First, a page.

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Hey, hey!

I'm Michele DiSpirito

I've been where you are.

Tired. No. Exhausted! Frustrated and confused as to what to do with an adorable little one that just. won't. sleep.

I'm a mom to three boys ages 6 and under, wife to Kyle for 17 years, and all about getting some good sleep for us all! While struggling to make sleep consistent and a reality with my oldest, I scoured the internet for answers and was left more frustrated and confused than when I started. I wanted a clear path; someone I trusted to just tell me what to do, how to do it, and when. What I wanted was what I'm here to be for you today - a Pediatric Sleep Consultant.

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3 Ways to adjust your schedule for Spring Daylight Saving Time

Warmer weather is coming here in the northern hemisphere!! With it comes the beginning of Daylight Saving Time (DST) when we move our clocks one hour AHEAD. This year in the US it starts on Sunday, March 10th starting at 2AM. In Europe, it starts on Sunday, March 31st.

Did you know that it starts and ends on different days around the world? It’s also not followed by every state or country.

So, if you’re in a place that follows DST and you’re moving an hour ahead, there are a few options in how you can adjust to the new time.

  1. Start a few days prior to DST so that by the time that Sunday rolls around you’re already on track.

  2. Wait until the Sunday of DST to make that adjustment.

  3. Do nothing and have a later schedule for the longer days ahead.

Head Start to Daylight Saving Time

Personally, this feels like more effort than I want to put into it. (It’s all in my head though… It’s not really more work, it’s the same work, just done earlier. And backward.)

Obviously, this isn’t my go-to option, but some families prefer this way and that’s great! This is how it goes:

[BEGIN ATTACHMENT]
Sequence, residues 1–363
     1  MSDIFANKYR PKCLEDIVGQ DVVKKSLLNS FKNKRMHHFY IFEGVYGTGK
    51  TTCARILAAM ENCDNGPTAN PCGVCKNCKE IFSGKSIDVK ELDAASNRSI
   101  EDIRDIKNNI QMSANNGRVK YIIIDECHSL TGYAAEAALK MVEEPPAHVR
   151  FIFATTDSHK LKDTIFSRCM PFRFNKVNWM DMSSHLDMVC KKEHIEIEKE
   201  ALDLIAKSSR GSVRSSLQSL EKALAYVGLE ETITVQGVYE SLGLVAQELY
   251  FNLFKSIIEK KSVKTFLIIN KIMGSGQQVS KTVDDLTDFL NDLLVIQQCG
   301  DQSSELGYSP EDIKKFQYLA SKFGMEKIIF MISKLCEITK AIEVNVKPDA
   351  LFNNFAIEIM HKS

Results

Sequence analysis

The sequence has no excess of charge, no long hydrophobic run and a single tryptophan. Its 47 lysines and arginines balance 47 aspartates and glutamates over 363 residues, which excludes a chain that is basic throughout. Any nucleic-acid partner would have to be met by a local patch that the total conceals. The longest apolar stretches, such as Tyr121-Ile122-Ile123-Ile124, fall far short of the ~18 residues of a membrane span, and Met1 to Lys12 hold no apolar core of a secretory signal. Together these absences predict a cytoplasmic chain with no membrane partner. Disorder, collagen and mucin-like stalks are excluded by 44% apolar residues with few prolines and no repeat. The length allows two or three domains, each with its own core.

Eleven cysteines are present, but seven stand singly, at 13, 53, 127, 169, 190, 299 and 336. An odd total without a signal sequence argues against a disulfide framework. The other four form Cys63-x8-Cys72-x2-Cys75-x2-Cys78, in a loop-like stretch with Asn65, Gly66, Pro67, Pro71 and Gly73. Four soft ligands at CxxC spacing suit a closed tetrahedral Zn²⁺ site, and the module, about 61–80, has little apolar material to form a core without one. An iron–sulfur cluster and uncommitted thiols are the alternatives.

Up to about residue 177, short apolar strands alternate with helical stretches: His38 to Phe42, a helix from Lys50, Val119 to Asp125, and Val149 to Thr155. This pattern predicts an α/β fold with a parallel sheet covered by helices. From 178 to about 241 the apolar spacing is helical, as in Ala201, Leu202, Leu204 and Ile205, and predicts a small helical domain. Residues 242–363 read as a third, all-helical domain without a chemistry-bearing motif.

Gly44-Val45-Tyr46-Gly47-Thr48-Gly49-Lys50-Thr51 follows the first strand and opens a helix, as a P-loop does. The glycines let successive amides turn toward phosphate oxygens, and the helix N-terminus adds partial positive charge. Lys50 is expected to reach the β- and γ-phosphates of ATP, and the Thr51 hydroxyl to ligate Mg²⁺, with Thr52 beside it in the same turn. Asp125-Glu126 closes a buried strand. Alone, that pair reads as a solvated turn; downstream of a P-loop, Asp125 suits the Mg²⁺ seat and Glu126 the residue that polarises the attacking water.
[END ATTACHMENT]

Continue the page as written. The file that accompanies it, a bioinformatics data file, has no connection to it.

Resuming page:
Starting the Monday before DST (so, this year you’d start on Monday, March 7th) through Thursday, you’ll adjust your child’s schedule back by 30 minutes. (Because the following week at the same time it will feel like an hour earlier.) So, for example...

A graph showing how to adjust a child's nap schedule for daylight saving time

On Friday adjust the schedule back another 30 minutes and you’ll be set for the time change come Sunday!

If the 30 minutes feels too much, you can be more gradual in your change by adjusting their schedule backward in 15-minute increments every 2-3 days until they reach your desired schedule.

Right on time

The second option is to wait until the Sunday of DST and adjust your schedule forward by 15-30 minutes starting with the morning wake up. (It’s going to feel like 15-30 minutes earlier to your child.)

Sundays are common “off” or “flexible” days, so you may not be able to/want to do any adjusting quite yet.

If that’s the case, tweak the schedule how you need to and start the forward adjustment of the schedule either with the afternoon nap (if it’s even going to be on schedule), with bedtime, or starting Monday morning.

You’ll use the same concept described in the “Head Start” section above, just move the schedule ahead instead of behind. Like so:

A graph showing how to adjust a child's schedule for daylight saving time

If your child doesn’t take a nap, you don’t need to gradually adjust their schedule, just jump right into the new time at bedtime on Sunday night. Be sure they’re able to get all their energy out that day! Since their bedtime is going to feel an hour earlier, you can add in some additional high-energy playtime before their bedtime routine to help them settle better for sleep.

Do nothing.

This last option is great for families that love spending the summer evenings outside. Having that extra hour of awake time in the evenings allows for more freedom.

However, I do recommend that bedtime be no later than 8pm for children 3 and under and no later than 8:30pm for children 4-5. No matter how great the day goes, with or without a nap, it’s very common for little ones to catch a second wind in the 8 o’clock hour (also known as becoming over-tired), causing them to struggle to get to sleep. No bueno.

This “do nothing” option is also meant for all newborn families. Your baby hasn’t established a consistent schedule yet, so there’s no need to worry about adjusting anything. Keep focusing on your health and well-being, routines, and wake windows.

In Conclusion

It takes about a week for all of us to adjust to the new time. Taking a gradual approach by adjusting your schedule by 15-30 minutes every 3-4 days will help your child’s (and your) body acclimate.

Unless you’re doing nothing. In that case, enjoy your evenings together!

Whatever you decide to do, be sure your blackout solution is in place so your little one can get to sleep even with the sun still shining at 8pm! (Man, I can't wait!!)

A women sitting up in bed with her hands over her eyes, and eye mask on her forehead, her hair in a bun, and a pink long sleeve shirt on

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